Were this about who is in the brotherhood and who isn’t, I’d agree with all the hoopla. They’re publishing a directory that, in its introduction, states that it is a list of a cappella churches of Christ. That’s what the directory is. Is Richland Hills an a cappella church? No. So they no longer fit the description.
    Personally, I wish they would merely add another descriptive category, but it’s their directory, not mine.
    ,
    January, 23 2009

    We are really missing the real issue here.It’s not about being taken off the directory that we should be concerned about.It’s about what are we going to add or delete next?We should be more concerned about being blotted out of the book of life than a directory.We need to heed Gods’ word.Paul addresses such problems in the Church in 1 Cor 1:10-17.That is just a starter. When it comes to Christs’ church and His word men has no right to add to or take away.There is no where in the New Testament and that’s where we are at, where God says to play instruments in worshipping Him but, He does say to sing Eph 5:19 a little Bible 101 is in order here.God bless you all and let’s keep it Gods’ plan not ours, say Amen if you can!!!
    ,
    January, 23 2009

    It amazes me that fellowship in the Lord has been boiled down by some to one doctrine which is only obscurely mentioned in the New Testament. While at the same time, the doctrine of unity, which is a major theological theme from Genesis through Revelation, is largely given the “back seat”.
    Admittedly, the publisher of a directory can include/exclude whomever it wishes. Each of us can choose to buy and read it or not. What this should do is motivate us to renew our zeal for focusing on what will answer the prayer of Jesus in John 17. Anything else is certainly heart-breaking.
    ,
    January, 23 2009

    Personally, I don’t feel instruments add to the Worship Service. However, I certainly would consider each “Autonomous ” congregation’s Elders should be able to make the decision. Then, I would not consider instruments as a reason to break up the Unity of Christians.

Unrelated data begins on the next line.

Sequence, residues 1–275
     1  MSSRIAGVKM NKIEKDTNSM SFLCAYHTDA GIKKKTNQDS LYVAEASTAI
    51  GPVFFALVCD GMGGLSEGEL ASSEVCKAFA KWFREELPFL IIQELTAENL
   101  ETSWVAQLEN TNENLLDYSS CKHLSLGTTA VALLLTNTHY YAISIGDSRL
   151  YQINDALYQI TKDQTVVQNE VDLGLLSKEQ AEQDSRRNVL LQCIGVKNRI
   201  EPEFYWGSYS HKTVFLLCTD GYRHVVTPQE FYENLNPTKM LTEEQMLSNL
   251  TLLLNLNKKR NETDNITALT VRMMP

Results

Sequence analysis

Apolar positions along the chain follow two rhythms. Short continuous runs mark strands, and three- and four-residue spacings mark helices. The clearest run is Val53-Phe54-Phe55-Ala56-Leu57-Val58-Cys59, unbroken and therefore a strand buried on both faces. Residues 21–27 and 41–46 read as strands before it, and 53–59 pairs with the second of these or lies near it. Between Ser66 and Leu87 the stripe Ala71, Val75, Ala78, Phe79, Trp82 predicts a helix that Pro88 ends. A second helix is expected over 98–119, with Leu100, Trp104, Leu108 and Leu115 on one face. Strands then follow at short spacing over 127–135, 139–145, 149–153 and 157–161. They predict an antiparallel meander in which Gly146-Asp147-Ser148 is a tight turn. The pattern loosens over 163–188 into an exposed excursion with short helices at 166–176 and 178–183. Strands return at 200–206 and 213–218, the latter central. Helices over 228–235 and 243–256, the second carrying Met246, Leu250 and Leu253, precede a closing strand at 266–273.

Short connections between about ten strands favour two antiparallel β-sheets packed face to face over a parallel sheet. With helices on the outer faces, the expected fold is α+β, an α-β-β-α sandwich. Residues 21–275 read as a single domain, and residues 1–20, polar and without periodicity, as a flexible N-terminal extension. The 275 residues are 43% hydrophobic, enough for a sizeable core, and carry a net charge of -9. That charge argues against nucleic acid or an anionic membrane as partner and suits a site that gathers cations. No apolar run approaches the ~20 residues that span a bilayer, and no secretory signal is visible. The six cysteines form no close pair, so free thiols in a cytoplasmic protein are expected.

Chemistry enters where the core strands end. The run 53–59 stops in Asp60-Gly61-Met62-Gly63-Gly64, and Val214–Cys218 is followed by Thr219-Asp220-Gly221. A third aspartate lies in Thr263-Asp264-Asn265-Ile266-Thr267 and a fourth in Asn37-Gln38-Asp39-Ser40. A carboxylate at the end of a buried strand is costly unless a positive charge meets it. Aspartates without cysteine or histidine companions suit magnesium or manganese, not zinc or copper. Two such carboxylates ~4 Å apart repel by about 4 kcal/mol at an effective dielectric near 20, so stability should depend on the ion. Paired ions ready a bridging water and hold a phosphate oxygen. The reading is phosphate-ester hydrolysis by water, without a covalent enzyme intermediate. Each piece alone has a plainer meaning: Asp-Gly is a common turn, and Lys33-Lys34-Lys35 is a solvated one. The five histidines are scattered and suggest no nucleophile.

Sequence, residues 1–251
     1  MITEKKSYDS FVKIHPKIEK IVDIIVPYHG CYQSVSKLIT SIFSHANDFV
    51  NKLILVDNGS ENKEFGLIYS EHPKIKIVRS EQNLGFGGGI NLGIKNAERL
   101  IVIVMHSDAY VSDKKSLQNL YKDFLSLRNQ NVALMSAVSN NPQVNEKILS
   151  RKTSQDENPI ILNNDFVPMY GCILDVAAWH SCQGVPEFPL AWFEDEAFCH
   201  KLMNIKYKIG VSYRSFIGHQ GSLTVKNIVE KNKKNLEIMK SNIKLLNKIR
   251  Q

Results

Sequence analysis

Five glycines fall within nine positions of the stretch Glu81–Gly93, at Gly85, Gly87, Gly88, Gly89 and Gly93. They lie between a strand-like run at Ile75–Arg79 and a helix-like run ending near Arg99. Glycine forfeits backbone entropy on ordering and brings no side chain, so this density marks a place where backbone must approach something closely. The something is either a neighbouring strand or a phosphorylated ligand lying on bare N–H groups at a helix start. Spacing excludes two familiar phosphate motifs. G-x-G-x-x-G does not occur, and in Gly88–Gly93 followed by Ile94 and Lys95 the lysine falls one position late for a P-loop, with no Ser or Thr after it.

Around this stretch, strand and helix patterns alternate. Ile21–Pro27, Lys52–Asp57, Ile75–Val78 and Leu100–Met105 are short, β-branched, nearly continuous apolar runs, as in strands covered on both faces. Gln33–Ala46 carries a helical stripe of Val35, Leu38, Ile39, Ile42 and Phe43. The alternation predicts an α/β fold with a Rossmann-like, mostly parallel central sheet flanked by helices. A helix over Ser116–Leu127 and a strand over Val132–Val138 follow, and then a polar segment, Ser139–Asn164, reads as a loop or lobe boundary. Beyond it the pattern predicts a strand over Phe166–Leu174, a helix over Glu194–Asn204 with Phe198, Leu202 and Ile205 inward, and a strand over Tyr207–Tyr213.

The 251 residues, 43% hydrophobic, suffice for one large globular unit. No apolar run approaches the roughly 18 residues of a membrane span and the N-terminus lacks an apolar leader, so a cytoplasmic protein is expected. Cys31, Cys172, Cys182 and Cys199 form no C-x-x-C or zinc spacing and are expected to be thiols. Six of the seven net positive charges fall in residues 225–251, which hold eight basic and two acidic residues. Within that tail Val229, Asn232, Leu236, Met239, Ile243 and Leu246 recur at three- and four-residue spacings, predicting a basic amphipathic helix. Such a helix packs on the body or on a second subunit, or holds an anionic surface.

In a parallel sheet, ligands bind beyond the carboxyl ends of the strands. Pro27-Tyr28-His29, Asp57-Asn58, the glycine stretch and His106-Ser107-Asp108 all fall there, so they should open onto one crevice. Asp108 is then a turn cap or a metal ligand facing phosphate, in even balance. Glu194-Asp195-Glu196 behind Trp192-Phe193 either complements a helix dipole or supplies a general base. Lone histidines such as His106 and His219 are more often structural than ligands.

,
    January, 23 2009

    I think it is incredibly unfortunate that Richland HIlls and these other churches have been excluded from the directory. There are no leaders I know of who are more committed to supporting and honoring the best of our heritage in Churches of Christ than Rick Atchley. He and all of our brothers and sisters at Richland Hills, Farmer’s Branch, and I suspect the others as well, have consistently worked to strengthen ties to and active engagement with the avenues of fellowship we have in our movement–including supporting and connecting with our christian colleges, publications (like this one), lectureships and other similar avenues. Whatever one believes or practices about the issue of instruments in worship, to exclude some of our more influential churches in this way should grieve us all deeply. This is particularly the case when they expressly do not desire such exclusion and when they have continued to practice a cappella worship as well as their instrumental offerings. I pray for a change of heart and a revised consideration of this from the directory’s editors.
    ,
    January, 23 2009

    I suppose Richland Hills can recognize they are now officially considered outside the unwritten creed.
    ,
    January, 23 2009

    I agree with Paul Smith. Well said brother. I find it sad that there is so much weakness in so many “in the church” who go with the wishy washy attitude “you have to accept us and you don’t have a right to believe differently than I do”. This directory has guidelines. Do what you want but if the people who compile the directory feel you no longer fall in line with the way they have done it for THIRTY years, accept it. It’s called being adult. It’s part of growing up. The Old Testament is full of stories where people strayed from God and did their own thing. Hopefully those of you who are following man will rethink your position and get a backbone and start following Christ ~ that is where your salvation lies, not in manmade feelings and desires.